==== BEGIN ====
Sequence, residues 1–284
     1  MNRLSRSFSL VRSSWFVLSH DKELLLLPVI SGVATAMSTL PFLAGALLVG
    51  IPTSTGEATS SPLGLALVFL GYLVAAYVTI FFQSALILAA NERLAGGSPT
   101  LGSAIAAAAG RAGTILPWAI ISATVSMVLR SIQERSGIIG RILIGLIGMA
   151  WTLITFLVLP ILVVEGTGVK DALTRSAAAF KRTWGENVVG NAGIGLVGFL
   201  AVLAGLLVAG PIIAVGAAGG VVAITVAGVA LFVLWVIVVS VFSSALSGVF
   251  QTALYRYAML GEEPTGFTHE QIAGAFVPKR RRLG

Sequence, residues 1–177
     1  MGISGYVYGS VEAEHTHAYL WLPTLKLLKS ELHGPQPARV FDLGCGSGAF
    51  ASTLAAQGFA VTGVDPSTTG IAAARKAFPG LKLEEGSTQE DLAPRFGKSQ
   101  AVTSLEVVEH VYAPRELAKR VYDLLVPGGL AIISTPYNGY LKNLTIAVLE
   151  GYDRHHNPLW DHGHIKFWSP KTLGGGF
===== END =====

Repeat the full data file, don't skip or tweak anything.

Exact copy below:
Sequence, residues 1–284
     1  MNRLSRSFSL VRSSWFVLSH DKELLLLPVI SGVATAMSTL PFLAGALLVG
    51  IPTSTGEATS SPLGLALVFL GYLVAAYVTI FFQSALILAA NERLAGGSPT
   101  LGSAIAAAAG RAGTILPWAI ISATVSMVLR SIQERSGIIG RILIGLIGMA
   151  WTLITFLVLP ILVVEGTGVK DALTRSAAAF KRTWGENVVG NAGIGLVGFL
   201  AVLAGLLVAG PIIAVGAAGG VVAITVAGVA LFVLWVIVVS VFSSALSGVF
   251  QTALYRYAML GEEPTGFTHE QIAGAFVPKR RRLG

Sequence, residues 1–177
     1  MGISGYVYGS VEAEHTHAYL WLPTLKLLKS ELHGPQPARV FDLGCGSGAF
    51  ASTLAAQGFA VTGVDPSTTG IAAARKAFPG LKLEEGSTQE DLAPRFGKSQ
   101  AVTSLEVVEH VYAPRELAKR VYDLLVPGGL AIISTPYNGY LKNLTIAVLE
   151  GYDRHHNPLW DHGHIKFWSP KTLGGGF